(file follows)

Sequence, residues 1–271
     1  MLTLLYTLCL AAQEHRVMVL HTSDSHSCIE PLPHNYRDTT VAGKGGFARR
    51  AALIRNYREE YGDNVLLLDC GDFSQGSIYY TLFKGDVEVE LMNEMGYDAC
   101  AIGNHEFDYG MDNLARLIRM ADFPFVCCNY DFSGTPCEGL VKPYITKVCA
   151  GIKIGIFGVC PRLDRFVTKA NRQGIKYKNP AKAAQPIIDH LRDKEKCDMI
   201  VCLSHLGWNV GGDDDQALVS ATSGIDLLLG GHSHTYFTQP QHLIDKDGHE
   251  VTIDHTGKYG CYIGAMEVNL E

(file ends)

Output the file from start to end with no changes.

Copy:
Sequence, residues 1–271
     1  MLTLLYTLCL AAQEHRVMVL HTSDSHSCIE PLPHNYRDTT VAGKGGFARR
    51  AALIRNYREE YGDNVLLLDC GDFSQGSIYY TLFKGDVEVE LMNEMGYDAC
   101  AIGNHEFDYG MDNLARLIRM ADFPFVCCNY DFSGTPCEGL VKPYITKVCA
   151  GIKIGIFGVC PRLDRFVTKA NRQGIKYKNP AKAAQPIIDH LRDKEKCDMI
   201  VCLSHLGWNV GGDDDQALVS ATSGIDLLLG GHSHTYFTQP QHLIDKDGHE
   251  VTIDHTGKYG CYIGAMEVNL E